Bring On The Joy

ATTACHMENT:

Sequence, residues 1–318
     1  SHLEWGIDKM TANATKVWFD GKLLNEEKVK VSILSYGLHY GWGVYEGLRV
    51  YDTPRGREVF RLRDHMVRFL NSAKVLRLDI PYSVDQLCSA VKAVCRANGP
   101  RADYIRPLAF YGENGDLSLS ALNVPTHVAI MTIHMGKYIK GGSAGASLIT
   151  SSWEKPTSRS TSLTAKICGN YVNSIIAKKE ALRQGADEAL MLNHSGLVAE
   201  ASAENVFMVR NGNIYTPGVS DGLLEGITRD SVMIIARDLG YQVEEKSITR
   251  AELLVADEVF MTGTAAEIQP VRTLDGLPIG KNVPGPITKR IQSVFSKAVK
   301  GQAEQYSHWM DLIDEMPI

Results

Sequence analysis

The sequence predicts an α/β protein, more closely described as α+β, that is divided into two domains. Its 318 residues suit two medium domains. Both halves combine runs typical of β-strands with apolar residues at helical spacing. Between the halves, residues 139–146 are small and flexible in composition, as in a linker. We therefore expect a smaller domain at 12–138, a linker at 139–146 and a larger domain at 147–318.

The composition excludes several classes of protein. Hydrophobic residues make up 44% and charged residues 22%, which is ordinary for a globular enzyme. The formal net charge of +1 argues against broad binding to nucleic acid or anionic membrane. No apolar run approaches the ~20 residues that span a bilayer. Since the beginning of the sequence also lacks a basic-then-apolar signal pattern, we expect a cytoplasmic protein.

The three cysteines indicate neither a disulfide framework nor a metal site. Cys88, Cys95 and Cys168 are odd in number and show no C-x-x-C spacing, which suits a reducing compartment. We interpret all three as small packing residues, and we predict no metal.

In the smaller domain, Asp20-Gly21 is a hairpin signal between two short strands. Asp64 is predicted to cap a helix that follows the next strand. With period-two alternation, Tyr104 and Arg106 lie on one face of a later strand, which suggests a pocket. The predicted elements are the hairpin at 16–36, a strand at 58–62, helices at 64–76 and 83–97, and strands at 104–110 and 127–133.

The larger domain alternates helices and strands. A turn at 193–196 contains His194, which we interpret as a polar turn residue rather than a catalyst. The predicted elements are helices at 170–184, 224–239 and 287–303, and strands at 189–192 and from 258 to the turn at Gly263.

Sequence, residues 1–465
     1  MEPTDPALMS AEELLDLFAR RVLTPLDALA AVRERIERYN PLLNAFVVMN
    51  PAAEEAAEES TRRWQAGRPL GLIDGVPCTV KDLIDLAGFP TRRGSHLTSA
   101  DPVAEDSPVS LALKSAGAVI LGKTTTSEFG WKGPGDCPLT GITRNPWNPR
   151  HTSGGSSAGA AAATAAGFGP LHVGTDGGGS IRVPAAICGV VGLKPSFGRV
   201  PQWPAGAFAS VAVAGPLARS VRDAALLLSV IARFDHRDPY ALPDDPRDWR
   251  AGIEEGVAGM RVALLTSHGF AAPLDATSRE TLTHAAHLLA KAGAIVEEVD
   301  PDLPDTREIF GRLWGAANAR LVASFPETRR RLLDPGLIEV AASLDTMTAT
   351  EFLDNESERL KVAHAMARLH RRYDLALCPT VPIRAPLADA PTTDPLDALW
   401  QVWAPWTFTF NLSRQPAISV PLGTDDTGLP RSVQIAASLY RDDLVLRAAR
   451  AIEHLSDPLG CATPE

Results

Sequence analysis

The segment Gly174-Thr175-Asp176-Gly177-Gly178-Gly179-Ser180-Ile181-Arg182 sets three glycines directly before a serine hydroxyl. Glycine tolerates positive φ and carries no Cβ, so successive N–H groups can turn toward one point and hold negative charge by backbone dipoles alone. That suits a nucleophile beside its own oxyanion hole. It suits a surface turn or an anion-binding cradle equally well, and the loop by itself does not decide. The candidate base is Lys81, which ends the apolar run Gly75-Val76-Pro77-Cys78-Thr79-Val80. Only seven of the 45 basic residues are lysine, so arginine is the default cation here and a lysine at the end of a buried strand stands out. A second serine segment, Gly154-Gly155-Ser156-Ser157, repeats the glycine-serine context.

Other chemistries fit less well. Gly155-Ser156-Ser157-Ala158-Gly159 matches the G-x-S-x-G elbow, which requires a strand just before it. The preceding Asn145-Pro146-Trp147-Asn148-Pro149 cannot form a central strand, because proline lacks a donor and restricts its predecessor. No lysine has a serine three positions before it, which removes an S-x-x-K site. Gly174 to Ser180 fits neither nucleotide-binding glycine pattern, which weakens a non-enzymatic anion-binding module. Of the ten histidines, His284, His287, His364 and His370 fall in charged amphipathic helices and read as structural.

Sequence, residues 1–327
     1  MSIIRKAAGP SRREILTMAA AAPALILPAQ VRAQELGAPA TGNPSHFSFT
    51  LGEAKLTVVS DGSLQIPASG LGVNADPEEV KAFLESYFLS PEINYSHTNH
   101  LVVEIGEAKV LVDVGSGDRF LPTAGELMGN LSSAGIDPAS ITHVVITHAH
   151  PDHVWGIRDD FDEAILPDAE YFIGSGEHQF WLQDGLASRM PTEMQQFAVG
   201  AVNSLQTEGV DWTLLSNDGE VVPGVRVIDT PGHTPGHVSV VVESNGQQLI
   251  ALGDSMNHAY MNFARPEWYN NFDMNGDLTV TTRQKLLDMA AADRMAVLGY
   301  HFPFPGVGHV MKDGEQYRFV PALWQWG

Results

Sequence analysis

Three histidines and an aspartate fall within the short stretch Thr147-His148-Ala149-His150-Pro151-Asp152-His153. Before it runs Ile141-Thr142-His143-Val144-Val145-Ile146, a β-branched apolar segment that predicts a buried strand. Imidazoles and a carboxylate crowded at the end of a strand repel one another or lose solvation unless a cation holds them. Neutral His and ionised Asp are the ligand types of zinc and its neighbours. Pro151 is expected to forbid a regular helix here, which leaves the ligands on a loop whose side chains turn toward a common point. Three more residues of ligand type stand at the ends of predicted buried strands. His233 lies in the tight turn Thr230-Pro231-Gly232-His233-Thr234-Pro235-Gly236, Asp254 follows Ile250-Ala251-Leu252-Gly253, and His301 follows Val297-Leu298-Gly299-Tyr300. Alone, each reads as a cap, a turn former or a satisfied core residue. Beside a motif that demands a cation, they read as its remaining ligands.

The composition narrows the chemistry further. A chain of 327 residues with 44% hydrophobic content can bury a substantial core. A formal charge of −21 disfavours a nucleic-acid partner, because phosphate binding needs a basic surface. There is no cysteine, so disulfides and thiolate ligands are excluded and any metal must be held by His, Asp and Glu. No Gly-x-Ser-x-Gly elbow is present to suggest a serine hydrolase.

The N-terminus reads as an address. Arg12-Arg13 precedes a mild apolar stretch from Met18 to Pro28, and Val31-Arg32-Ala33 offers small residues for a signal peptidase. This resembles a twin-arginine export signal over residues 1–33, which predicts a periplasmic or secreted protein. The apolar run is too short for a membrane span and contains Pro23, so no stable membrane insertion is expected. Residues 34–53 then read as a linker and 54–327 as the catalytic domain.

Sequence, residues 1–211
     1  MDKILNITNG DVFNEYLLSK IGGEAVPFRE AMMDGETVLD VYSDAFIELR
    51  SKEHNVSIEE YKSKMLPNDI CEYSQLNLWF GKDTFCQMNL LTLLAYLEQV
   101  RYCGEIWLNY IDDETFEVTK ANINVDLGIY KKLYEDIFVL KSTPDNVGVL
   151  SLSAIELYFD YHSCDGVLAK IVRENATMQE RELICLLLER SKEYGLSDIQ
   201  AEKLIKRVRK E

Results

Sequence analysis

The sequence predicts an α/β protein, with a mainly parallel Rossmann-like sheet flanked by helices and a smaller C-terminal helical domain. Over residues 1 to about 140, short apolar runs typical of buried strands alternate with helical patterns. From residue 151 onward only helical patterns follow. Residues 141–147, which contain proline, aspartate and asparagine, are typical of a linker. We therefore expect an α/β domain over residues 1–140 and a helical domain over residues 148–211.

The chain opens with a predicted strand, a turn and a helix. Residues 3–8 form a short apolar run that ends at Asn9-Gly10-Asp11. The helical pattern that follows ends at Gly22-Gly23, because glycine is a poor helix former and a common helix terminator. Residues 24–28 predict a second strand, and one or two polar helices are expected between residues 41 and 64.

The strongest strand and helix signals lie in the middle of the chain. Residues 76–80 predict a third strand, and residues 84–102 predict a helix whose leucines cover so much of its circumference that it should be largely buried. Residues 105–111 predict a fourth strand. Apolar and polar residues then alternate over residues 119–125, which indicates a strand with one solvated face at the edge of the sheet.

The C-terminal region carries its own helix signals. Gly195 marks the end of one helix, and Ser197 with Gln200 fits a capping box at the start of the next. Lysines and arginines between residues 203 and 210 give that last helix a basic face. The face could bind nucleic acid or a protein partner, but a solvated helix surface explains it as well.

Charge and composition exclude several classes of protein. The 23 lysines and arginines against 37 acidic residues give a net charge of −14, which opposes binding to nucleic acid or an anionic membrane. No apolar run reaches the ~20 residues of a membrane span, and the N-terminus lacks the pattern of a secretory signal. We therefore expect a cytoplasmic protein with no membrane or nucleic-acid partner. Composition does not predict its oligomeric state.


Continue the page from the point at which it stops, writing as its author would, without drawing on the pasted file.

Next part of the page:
My super smart and spiritual friend, Petey is a comedian by trade.  He exudes joy.  Legitimately.  He talks about people who proudly walk this earth with barbed wire around their hearts bragging that they are "a hard laugh.”  And Pete is the exact opposite.  He’s an easy laugh. Because laughing makes him HAPPY.  He says his heart isn’t bound by anything.  In fact, he consciously “stretches that shit out everyday" so that he doesn't become "jaded, cynical or angry."Ten years ago, Pete’s wife left him for another man. And like any person in that situation, he was sad, pissed, and confused. But he was never the victim.  He broke.  He learned from it. He became a better writer. He became a better comedian. He opened himself up to every possibility and every chance for growth.  He had a few relationships and eventually met "Sweet Lady Val.” I’m in love with their love.  They care for each other with a purity that is authentic and utterly beautiful.  But Petey’s story isn’t just about taking the lemons and making the fucking lemonade.  It’s about seeing the disaster, feeling it's blows, giving it time to settle in and then RUNNING with what life has to offer on the other side. He sprinted so far that he now produces an autobiographical show that he writes and stars in about the very thing that broke him in the first place. And it's on fucking HBO.I’ve mentioned this before, and I’m about to drive it home again: I used to be a real bitch.  In my daily interactions with others, I left little space for empathy and was REALLY quick to criticize.  I was proud of being a “good judge of character.”  Apparently I thought I had some magical way of knowing someone else’s life story based on the clothes that they were wearing on the day they met me and the look in their eyes when they were staring back at mine.  Oh, and I could size them up in a millisecond… it seems as though time didn’t apply to me and my God given gift of judgement.  I used my words and my speaking abilities to cut people (who I thought were in the wrong) down.  I used my stone cold face to point out stupidity.  I was level headed; neither a pessimist nor an optimist, but a self-proclaimed, “REALIST” (how brilliant of me).  I felt like there needed to be more people in the world like me who kept it real, honest and direct so we could balance out the yahoo’s who were walking around with their heads in the clouds.  The same quacks who made their decisions based on feelings and emotions.How embarrassing.Everyone’s got their shit.  We’ve all had something big (it’s relative) happen to us between the ages of 0 and 18.  And whether or not you are conscious of it, that “big thing” has had its hand in shaping your emotional, mental and sometimes physical being.  I’m the eldest of 4.  My brother, Stephen is just a year younger than me and is categorized on the “severe” side of the Down’s Syndrome chart.  I was a shy kid when I started Elementary school and spent a lot of time watching my peers.  Early on, I realized I was going to have to become a larger than life presence - and a popular one - in order to protect my brother from being bullied.  I knew that if I helped make the rules (and was a little bit ((or a lot a bit)) scary) that no one would have the chance (or the balls) to mess with Stephen.  And for the most part, it worked.  But that negativity fed on its own energy.  What started out as a well-meaning defense mechanism turned into cynicism, snowballed into indifference, and landed in mean-girl world with a bad case of resting bitch face.Back in October, I was forced to meet with a sales rep from a prominent wine distributor for a training at Cala’s.  I had canceled the meeting twice trying to shake the guy but he kept rescheduling.  Finally, Thursday came and Darren walked in.  He was in his early 30’s with a full beard and hipster glasses.  He wore a t-shirt over his micro-brew belly and waited patiently at the bar for me to finish up my tables.  I sat down next to him and he talked about what he does, the company he works for, and everything and anything about harvesting a specific grape.  The subject of wine is SOMEWHAT interesting but Darren's presence was intoxicating.  His energy was magnetic.  His presence was calm, light, passionate and FULL of joy.  Meeting someone like Darren is kind of rare, but because of my own transformation, I could practically smell a tragedy that he arose from in his past.  So I asked him.  We made extended eye contact and my eyes said, “Yep, I’m one of you.”  He told me his story about caring for his cancer ridden mother for his entire childhood.  About how the doctors didn’t actually think she would live as long as she did and the horrific unforseen late-term side effects from the treatment that were only supposed to prolong her life for a few years.  After she passed away and he finished school, he set out to travel to see what life had to offer him.  During that time, he met amazing people and his teachers “just happened” to find him.  He practiced intense meditation, released the pain from his difficult experience, and made space for freedom and LIFE.  He’s literally one of the happiest people I’ve ever met.  His passions are fishing and food.  He travels almost every weekend.  He said, “If I feel like eating BBQ on a Friday night, I’ll drive down to North Carolina and get BBQ for breakfast on Saturday morning.”  He’s the furthest thing from a victim.  He’s living this one life to its fullest. I spent two hours with Darren at the bar that day and then started following him on social media.  Every time he runs through my feed, I see his joy and I'm inspired to stay open… and smile.This summer, while on a family vacation, my friend Kate caught her husband having an affair.  When she walked into my house to deliver the paddle boards that she had borrowed for the week long  getaway in New Hampshire, she looked as though she had been run over by the commuter rail.  Like run over by the commuter rail in Manchester and then dragged through Lynn and Swampscott.  See, Kate is ALWAYS put together.  It was the first time in our 7 years of friendship that I could feel her starting to break.  The following week, she was angry and weepy.  We drank wine and cried.  But then the week after that, she was suddenly put back together with several lists organized to propel her over this divorce hurdle and carry on with her life as it once were.  My “oh shit” radars went ballistic.  I lovingly reminded her that this moment in time was actually a gift.  That this was life giving her the second chance that she wanted/deserved.  This was how she could reinvent herself and be ANYBODY she wanted to be.  But only if she broke.  Only if she were to become vulnerable in the most uncomfortable way possible.  Which to her meant admitting to herself, her family, her friends and even her community that she was indeed, only human.  She was ashamed and she was embarrassed.  And then the light shone down upon her and she picked herself back up and became a “yes” person.  Where there were so many rules and “no’s” in her “before life,” she decided to start saying, “yes” to most everything and has found a lightness and a happiness that her teeny tiny human body hasn’t felt in decades.  She’s extended a warm hand to both her ex-husband and his girlfriend.  She talks about them with kindness and she really wants everyone to just be good.  She’s let go of the manipulative role she played for her entire marriage and plans to apologize to her ex for her part in the marital demise.  Because life is too short to be stuck in that shit.It wasn’t until l was in my mid 20’s when I made the connection between my bitchy behavior and the role of my brother’s keeper.  I didn’t change anything.  I just finally had a reason and an excuse for my attitude.  My initial transformation didn’t happen until my early 30’s when I started to break.  I randomly met a soul mate who held the mirror for me to see how much of a douche I was being.  We later, and inevitably, shattered each other’s mirrors and my heart broke wide open.  To this day, that pain was one of the most memorable and intense feelings that I have ever experienced.  It left me vulnerable and weak.  But not dead.  When I started to pick up the pieces of my mirror, I realized I didn’t WANT to put it back together.  It no longer suited me.  That person wasn’t happy.  I wanted to bring on the joy.  I started taking advantage of what life had to offer me.  I talked to people who came across my path.  I read books that were placed in my hands.  I started making decisions based on feelings and emotions.  I laughed, I smiled, I said “yes” to a bunch of shit that I used to think was lame; like long hikes with my friend Lauren and early morning breakfast dates with acquaintances.I broke again when I gave birth to baby Sam and then heard the words, “you have cancer.”  I didn't know my eyes were capable of that much swelling.  It was a crack so deep into my heart that I was sure I would never become whole again.  But then I did.  And I like this version of myself even more than the last.But a few “new me’s” doesn’t mean that I’ve become the final version of myself.  If we are lucky enough, it just means we get to grow, break, and find “the new” over and over again.  And it certainly doesn’t mean that we ever arrive at perfect.   A few weeks ago, Mike, Sam and I were out to dinner.  We were seated at a table next to two men in their late 60’s.  One of them was being a passive aggressive prick towards the male server.  “The old me” sprung up from the ashes.  Mike saw it.  He picked up Sam, walked out the door and said, “DON’T do it, Jaime.”  In that moment, I saw two things: 1) someone vulnerable who needed a stronger presence to back him up and, 2) the green flag waving in front of me.  I used my words, my face, my tone, and my eyes to publicly shame the man with just 3 sentences.  And it worked.  The server thanked me.  And then an hour later, I felt the old familiar pangs of guilt, anger, sadness and embarrassment.  The thing is, I STILL could have made my point and said something to the man without belittling him.  I didn’t have to go low.  It took away some of my joy and made me feel sick, stuck, and terrible.  It’s unfortunate that I acted the way that I did, but I used that experience as a reminder.And I started over the next day.*The picture of me, Stephen and Sam was taken just hours after I was given my cancer diagnosis.